A nearly perfect record to put on a chill Sunday afternoon. Story is actually one of the more energetically subdued releases from the Japanese surf outfit but the guitar passages are some of the most memorable ones from last year. Personally, this is an album that made me cope with homesickness when I moved out for college – because the tone of the album sounded nostalgic.

#8 Weyes Blood – Titanic Rising

weyes blood titanic rising

An emotionally riveting chamber pop album. Natalie’s vocals are mellifluous – it’s the glue that melds together the production and songwriting. The production gives this timeless aesthetic to the sound of the record. The instrumentation in each of the tracks seems to have their own lives – their own distinct personality – and it couldn’t be more apparent that a lot of care is put behind their arrangements.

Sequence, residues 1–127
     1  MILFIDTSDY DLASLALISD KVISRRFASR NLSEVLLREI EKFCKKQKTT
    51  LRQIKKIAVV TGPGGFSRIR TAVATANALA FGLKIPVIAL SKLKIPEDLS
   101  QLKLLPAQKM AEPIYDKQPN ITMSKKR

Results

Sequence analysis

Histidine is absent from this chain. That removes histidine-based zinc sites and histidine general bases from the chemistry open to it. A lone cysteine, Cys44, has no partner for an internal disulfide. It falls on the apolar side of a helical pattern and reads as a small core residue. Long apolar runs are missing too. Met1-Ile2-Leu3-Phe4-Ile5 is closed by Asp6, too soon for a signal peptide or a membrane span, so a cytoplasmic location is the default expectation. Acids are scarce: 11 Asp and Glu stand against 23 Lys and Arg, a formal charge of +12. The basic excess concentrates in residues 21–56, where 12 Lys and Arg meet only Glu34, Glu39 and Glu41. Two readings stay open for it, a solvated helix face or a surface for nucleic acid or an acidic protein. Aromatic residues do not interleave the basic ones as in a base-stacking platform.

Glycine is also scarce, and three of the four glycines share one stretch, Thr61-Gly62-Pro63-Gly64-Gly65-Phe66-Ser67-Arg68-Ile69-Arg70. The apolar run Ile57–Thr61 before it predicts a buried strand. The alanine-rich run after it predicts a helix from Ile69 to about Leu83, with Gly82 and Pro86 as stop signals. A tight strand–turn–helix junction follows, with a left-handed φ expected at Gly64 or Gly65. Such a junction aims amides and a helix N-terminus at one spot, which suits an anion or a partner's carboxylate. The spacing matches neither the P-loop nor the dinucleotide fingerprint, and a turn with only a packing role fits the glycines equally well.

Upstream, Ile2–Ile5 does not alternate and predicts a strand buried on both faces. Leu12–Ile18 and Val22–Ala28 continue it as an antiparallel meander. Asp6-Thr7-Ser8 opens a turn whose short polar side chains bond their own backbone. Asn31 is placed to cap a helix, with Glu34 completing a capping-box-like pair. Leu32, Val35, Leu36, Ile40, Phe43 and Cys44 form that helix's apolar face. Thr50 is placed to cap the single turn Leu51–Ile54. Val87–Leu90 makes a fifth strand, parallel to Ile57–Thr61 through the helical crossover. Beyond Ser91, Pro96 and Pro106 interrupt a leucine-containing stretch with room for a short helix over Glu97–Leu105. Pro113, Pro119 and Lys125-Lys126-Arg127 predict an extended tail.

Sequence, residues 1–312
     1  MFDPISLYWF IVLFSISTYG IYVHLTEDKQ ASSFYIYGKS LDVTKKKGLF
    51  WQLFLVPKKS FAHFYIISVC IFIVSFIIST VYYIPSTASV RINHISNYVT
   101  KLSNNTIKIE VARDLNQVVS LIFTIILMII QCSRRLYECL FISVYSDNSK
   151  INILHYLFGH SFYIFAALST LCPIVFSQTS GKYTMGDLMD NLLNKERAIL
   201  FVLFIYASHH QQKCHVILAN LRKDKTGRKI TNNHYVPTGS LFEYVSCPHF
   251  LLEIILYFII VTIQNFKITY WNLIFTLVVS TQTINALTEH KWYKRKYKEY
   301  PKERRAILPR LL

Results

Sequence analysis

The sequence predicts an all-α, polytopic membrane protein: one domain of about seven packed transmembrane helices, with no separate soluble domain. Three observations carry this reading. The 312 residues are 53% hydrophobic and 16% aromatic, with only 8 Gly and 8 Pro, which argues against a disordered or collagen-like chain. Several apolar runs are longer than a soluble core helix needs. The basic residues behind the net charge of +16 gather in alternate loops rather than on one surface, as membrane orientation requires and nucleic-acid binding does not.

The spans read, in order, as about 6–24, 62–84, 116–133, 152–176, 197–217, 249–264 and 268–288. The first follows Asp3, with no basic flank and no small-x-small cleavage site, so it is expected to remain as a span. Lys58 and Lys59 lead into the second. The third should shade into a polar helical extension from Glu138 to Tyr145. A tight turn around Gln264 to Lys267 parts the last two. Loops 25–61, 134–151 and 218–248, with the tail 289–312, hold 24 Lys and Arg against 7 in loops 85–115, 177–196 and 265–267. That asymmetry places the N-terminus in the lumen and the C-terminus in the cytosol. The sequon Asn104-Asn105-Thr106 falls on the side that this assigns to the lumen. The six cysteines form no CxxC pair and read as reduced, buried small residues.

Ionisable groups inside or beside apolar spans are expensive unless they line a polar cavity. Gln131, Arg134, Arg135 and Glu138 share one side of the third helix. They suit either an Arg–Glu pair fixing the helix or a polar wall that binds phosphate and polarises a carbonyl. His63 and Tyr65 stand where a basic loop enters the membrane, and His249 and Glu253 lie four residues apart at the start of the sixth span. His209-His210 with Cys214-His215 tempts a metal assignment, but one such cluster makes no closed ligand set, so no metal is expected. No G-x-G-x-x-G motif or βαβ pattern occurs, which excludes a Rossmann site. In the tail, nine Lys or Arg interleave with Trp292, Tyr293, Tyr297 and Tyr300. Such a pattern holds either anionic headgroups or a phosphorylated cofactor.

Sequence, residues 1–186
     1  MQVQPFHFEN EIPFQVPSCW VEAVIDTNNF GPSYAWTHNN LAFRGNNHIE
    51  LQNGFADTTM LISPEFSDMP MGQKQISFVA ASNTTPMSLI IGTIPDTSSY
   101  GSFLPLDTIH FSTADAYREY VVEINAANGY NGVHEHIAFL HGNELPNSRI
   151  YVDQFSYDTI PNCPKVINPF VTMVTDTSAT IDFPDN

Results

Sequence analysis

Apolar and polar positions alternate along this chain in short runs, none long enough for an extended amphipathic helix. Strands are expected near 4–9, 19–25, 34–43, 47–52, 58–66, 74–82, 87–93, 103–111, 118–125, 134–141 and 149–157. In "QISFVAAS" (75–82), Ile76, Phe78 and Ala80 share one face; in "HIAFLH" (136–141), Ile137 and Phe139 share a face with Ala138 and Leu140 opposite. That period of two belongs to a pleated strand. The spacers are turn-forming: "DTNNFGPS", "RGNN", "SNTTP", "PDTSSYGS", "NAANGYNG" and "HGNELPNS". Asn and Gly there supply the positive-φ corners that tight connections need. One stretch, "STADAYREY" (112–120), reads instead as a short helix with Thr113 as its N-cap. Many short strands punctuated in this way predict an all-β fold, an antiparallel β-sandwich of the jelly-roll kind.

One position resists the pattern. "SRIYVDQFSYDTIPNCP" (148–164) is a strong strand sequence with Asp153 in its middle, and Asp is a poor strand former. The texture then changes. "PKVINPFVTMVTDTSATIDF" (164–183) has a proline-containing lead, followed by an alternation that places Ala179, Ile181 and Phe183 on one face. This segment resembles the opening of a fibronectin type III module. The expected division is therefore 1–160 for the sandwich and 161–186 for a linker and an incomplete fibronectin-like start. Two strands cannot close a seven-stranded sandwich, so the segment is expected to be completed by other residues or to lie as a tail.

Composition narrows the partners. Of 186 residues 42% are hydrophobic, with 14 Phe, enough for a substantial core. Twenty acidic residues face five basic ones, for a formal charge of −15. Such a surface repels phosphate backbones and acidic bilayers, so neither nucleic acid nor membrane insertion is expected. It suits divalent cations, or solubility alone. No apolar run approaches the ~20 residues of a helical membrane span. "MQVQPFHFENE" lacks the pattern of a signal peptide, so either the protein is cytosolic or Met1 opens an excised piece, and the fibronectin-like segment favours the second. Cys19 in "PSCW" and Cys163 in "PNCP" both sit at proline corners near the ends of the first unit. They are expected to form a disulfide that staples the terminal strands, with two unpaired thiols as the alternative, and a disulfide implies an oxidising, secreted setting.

#7 100 gecs – 1000 gecs

100 gecs 1000 gecs

This 23-minute album grew on me like a pleasant tumor (as if that exists) throughout 2019 – and I think this my second most played record of the last year. I even grew fond of the two sound collage/DJ-mix-like tracks that I couldn’t stand on initial listens. The rest of the record features tracks which are essentially what I hope are the prototypes of bubblegum-bass-centric pop music to come.

#6 Dorian Electra – Flamboyant

dorian electra flamboyant

2019 is thankful for Dorian’s genre-blending and gender-bending brand of flamboyant pop. Their lyrical and aesthetic vision feels so refreshing right off their debut. The production on here is so sticky, it’s truly a meeting of the some of the best producers in the game. While it’s a fun pop album on the surface, Dorian lays down some relevant social commentary pertaining to gender politics and turns some of them into anthemic pop bangers.